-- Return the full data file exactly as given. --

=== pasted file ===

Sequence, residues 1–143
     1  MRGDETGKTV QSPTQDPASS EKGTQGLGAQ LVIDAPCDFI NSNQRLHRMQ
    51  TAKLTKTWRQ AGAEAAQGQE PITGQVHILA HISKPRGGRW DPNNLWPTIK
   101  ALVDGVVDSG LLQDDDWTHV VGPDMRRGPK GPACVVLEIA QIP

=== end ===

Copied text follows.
Sequence, residues 1–143
     1  MRGDETGKTV QSPTQDPASS EKGTQGLGAQ LVIDAPCDFI NSNQRLHRMQ
    51  TAKLTKTWRQ AGAEAAQGQE PITGQVHILA HISKPRGGRW DPNNLWPTIK
   101  ALVDGVVDSG LLQDDDWTHV VGPDMRRGPK GPACVVLEIA QIP